"The trust between photographer and subject that developed over that time is evident. Quintana took her time learning the lineage of these circus families. She presents them not as freaks or compulsives, but as workers in a private, insular, now almost-extinct world."
– Mona Simpson, author of Anywhere but Here. Excerpt from Circus: A Traveling Life introduction
"Norma I. Quintana’s Circus: A Traveling Life wonderfully balances artifice with truth. In her portraits, no matter how much glitter, makeup and pose these performers present her with, Norma reaches down into the heart, muscle and humanity of her subjects. Her revealing photographs only add to the magic of the circus."
– Linda Connor, San Francisco Art Institute professor of photography
"Norma Quintana is an old friend of mine. It’s no surprise to me to see, in these portraits, a level of familiarity and even intimacy with the performing artists. She is an incredibly warm, generous, caring individual and this comes through in her photographs. A portrait photographer must understand and put her subject at ease. That is Norma’s true talent."
-- Michael Ash, Photography Agent, New York City
"Norma takes off where my heroes Bruce Davidson, Diane Arbus and Mary Ellen Mark left off--she clearly enjoys the same level of trust and intimacy as they did. Beautiful pictures."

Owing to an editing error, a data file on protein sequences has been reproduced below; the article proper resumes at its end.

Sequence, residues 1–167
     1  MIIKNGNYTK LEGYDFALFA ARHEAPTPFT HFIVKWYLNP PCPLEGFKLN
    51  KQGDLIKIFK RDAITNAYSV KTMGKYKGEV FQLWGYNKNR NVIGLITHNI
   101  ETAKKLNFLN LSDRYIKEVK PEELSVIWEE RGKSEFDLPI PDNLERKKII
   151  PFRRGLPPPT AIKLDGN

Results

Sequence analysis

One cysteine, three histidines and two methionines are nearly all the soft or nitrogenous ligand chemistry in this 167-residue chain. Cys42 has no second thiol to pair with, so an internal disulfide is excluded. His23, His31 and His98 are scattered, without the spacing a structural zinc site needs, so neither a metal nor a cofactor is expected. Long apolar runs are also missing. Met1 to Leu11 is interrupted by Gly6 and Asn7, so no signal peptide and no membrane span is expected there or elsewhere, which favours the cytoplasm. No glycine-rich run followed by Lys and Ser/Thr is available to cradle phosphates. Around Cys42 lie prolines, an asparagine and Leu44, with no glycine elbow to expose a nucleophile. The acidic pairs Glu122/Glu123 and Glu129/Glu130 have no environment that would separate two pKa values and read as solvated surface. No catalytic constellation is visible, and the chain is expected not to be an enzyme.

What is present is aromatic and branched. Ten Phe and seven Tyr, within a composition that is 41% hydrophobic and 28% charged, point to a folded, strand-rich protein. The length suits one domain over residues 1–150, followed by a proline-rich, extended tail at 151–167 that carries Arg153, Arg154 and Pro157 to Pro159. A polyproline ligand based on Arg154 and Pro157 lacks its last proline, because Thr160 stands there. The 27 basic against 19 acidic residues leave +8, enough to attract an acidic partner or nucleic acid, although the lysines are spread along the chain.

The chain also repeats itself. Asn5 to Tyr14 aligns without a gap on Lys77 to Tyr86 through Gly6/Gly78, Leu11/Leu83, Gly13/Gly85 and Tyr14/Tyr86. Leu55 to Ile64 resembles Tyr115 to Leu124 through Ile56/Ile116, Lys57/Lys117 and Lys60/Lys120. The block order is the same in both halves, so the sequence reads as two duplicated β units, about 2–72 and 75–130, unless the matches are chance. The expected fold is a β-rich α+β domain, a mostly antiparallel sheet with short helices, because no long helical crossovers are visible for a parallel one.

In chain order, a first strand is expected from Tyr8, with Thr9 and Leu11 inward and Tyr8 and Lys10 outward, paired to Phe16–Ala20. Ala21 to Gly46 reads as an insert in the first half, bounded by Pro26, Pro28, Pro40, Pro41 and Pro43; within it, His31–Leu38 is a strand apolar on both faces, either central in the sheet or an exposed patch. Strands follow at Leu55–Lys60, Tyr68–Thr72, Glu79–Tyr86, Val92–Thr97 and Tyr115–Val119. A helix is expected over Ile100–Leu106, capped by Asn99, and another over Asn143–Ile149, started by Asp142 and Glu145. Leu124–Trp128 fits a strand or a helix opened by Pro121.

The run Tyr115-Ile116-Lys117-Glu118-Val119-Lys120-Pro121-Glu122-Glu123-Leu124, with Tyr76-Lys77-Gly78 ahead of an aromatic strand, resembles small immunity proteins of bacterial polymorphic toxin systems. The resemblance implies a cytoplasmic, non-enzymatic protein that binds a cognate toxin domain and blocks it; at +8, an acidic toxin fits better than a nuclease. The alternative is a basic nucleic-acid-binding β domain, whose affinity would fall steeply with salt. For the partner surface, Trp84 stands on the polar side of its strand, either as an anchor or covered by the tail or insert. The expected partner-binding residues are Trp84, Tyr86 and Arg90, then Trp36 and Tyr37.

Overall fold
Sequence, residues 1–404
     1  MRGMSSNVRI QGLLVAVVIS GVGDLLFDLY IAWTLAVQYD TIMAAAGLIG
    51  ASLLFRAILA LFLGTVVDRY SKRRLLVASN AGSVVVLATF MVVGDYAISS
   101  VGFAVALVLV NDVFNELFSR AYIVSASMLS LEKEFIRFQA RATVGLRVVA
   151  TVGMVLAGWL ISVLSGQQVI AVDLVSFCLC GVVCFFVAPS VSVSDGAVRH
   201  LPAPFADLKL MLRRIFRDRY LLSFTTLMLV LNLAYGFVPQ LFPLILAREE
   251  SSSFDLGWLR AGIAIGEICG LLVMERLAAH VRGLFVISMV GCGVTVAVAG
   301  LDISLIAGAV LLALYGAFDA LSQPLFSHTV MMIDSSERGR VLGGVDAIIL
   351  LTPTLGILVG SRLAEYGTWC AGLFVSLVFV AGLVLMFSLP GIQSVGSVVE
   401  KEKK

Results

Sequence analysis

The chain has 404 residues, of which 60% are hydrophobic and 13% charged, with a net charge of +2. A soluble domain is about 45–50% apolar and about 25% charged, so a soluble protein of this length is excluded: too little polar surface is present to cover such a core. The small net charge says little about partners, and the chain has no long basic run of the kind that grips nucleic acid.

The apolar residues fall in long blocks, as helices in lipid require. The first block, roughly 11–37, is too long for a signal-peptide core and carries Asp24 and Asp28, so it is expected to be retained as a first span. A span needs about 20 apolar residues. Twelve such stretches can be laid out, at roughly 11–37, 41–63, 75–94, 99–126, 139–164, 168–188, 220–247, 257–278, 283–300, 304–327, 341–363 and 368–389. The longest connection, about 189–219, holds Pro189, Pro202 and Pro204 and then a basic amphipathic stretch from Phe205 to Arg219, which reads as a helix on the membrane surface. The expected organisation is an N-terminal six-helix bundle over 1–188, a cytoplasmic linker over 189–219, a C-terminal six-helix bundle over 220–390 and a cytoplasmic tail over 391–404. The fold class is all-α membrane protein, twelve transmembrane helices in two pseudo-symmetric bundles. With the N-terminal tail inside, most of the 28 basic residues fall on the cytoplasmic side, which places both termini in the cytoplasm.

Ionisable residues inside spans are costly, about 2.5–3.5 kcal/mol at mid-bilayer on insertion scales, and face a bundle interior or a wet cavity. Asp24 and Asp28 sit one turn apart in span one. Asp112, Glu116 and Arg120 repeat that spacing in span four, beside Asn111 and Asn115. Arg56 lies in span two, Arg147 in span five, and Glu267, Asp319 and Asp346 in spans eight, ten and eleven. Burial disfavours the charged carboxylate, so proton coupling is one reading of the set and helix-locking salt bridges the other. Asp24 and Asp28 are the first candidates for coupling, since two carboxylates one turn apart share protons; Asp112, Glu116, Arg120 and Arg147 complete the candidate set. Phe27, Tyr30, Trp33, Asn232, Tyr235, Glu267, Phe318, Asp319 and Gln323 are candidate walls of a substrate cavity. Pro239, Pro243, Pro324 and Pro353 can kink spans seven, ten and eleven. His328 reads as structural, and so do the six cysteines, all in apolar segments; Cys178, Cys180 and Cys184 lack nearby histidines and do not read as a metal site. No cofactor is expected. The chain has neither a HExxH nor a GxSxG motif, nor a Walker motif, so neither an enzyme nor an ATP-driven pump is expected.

-- Sally Mann, "Best American Photographer" 2001, TIME Magazine.
“Evocative, arresting, intimate, sublime—there is no shortage of adjectives to describe the unique beauty of Quintana’s Circus: A Traveling Life. These images tenderly reveal both the magic and humanity of lives lived inside and beyond the rare glow of the center ring’s spotlight.”
-- Chandra Prasad, author of The Death of A Circus and On Borrowed Wings
"Photographer Norma I. Quintana loves people and nowhere is this more evident than in her book Circus: A Traveling Life. Her empathetic portraits mixed with intimate moments indicate that Quintana has the ability to ‘be’ with people and not pose and contort them into her own narrative. She allows her subjects to reveal parts of themselves to the viewer as she employs her creative eye and obvious understanding of who they are as people and not as exotic subjects for ‘her’ work. This position is where these images surpass the thousands of others that have gone before. In the end, she has produced a testimony to a ‘true collaboration between subject and photographer,’ as she writes in her afterward.”
– Judy Walgren, San Francisco Chronicle Director of Photography and member of 1994 Pulitzer Prize-winning team of journalists at the Morning News
All images are copyrighted © Norma I. Quintana. The use of any image from this site is prohibited without prior written permission from the artist.